The many faces of tobacco

Oscar Wilde, a man of dry wit and admirable turn of phrase, once wrote that the only thing more demoralising and more expensive than smoking a cigarette was marriage.

Over the years, numerous similar statements and sentiments about the use of tobacco have been made by people all over the world who were and are convinced that there are no benefits to be found in the use of tobacco – from a health perspective, that is.
Some have stated their position more bluntly: with one anti-tobacco activist saying that there are only two things in this world that kill people when they are used for the purpose that they were expressly made for. One of them is a gun and the other is a cigarette.
The history of the use of tobacco paints a picture of uncertainty and scientific and intellectual flip-flops that have not aided the anti-tobacco lobby much.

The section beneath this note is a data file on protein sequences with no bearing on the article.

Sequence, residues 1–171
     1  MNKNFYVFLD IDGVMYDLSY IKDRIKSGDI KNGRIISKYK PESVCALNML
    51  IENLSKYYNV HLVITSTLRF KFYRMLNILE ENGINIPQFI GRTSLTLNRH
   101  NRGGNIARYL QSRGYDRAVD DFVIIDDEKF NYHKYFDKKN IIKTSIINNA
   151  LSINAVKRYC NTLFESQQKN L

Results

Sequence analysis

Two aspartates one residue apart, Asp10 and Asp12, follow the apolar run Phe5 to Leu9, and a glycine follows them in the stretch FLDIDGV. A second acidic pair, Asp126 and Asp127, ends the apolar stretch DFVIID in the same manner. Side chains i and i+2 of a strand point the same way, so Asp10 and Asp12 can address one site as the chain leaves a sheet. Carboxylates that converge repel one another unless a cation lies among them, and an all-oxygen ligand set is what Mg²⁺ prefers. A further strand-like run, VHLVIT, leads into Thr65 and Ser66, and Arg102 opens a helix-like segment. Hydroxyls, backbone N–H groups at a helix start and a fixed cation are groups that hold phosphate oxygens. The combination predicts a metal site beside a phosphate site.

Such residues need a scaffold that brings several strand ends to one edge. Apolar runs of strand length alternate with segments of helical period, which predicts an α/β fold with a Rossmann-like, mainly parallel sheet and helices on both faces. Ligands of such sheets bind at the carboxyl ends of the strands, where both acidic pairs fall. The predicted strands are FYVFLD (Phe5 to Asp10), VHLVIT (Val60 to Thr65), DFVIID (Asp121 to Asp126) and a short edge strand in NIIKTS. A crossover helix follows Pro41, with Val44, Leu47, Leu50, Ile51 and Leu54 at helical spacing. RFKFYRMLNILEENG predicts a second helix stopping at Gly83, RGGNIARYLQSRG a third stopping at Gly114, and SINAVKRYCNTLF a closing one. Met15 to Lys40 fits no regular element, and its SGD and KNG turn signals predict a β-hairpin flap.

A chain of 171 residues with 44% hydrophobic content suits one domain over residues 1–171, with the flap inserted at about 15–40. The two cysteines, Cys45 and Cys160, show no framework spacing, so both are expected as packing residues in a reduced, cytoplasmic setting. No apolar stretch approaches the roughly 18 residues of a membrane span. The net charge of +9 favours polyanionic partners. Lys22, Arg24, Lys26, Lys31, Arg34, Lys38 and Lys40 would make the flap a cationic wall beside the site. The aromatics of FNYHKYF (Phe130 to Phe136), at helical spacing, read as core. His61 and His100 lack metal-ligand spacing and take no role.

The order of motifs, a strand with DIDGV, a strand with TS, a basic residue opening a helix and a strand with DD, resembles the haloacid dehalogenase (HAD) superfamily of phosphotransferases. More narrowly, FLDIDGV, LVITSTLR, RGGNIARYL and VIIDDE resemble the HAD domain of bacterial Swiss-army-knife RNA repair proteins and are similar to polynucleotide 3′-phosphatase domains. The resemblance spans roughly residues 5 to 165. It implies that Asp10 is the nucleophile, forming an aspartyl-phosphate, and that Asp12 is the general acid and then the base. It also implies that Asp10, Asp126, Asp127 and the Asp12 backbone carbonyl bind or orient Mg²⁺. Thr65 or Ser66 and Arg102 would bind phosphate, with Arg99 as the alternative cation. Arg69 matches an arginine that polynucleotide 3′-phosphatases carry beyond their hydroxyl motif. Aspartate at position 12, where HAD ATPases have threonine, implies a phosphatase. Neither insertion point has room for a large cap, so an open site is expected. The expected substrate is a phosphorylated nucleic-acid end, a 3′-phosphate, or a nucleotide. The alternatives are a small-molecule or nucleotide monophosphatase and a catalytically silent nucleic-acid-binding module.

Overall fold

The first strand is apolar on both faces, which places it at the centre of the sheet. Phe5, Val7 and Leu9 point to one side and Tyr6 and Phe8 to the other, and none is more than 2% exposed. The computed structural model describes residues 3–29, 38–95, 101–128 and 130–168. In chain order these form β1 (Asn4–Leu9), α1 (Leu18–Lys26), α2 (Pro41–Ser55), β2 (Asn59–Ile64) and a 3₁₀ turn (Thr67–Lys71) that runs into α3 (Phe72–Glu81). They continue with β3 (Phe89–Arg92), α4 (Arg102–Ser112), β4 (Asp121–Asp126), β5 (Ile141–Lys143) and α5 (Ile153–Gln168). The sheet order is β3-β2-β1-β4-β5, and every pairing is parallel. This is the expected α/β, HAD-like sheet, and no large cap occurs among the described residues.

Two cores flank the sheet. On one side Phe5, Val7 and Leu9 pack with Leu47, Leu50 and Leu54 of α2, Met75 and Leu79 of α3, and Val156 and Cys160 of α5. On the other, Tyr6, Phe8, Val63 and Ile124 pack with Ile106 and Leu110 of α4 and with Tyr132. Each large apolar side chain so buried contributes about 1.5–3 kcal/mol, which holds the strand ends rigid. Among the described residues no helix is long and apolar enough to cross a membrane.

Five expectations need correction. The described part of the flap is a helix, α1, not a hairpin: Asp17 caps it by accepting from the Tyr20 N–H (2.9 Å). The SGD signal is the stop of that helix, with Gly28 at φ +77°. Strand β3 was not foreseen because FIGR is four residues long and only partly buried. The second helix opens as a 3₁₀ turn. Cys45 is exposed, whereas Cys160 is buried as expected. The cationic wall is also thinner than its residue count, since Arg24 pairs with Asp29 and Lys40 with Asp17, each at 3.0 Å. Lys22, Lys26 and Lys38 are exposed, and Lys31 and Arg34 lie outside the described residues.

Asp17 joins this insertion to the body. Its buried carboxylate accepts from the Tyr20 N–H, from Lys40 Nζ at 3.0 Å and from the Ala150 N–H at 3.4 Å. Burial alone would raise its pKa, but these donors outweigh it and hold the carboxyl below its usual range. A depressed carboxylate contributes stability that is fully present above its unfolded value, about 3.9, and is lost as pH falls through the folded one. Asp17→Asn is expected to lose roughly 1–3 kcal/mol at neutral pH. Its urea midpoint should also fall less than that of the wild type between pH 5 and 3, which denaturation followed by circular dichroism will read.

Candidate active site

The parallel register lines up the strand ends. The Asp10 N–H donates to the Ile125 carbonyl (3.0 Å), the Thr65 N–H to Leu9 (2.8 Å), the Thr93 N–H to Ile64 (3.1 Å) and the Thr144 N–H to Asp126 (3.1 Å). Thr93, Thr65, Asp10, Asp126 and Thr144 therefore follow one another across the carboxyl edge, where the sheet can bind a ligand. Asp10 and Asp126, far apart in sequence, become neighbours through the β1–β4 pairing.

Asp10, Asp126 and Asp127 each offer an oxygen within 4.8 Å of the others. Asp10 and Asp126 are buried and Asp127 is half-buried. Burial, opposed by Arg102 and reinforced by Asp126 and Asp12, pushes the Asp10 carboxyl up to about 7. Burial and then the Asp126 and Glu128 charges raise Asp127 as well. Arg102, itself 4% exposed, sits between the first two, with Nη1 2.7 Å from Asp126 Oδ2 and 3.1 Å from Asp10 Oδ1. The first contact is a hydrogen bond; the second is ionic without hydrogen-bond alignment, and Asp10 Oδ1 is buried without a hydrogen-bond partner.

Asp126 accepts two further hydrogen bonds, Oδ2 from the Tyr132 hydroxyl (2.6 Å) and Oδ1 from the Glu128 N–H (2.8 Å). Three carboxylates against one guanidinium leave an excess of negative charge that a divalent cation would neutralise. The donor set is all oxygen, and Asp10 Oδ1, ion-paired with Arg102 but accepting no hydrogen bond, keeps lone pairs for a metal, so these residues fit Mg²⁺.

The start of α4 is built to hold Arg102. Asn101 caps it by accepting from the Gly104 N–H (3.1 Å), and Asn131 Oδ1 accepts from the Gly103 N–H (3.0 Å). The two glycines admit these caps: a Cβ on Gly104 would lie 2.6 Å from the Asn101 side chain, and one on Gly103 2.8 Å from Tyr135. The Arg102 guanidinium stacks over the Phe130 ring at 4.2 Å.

Ever since Christopher Columbus introduced Europeans to the tobacco plant, people have been divided as to the full extent that governments should regulate its use and promotion.
In the 16th Century, the then French Ambassador to Portugal, Jean Nicot – who named the plant Herba Nicotiana – sent the mother of the French king tobacco samples and told her that it had healing powers.
He advised her to inhale crushed tobacco in much the same way that we now inhale smoke from cigarettes.
The plant gained such a good reputation that Europeans began referring to it as Herba Panaceja – the plant that cures everything.
Tobacco gained popularity worldwide with the growth of electronic media and its attendant advertising industry.
This saw it evolve into a multi-billion dollar industry in a phenomenally short space of time starting from the 1950s to the present.
One estimate has it that the last 90 years have seen over 1.1 billion people lighting up a fag with an average consumption of 15 cigarettes per smoker per day.
The average for Africa is below the international average at around 10 cigarettes per smoker per day.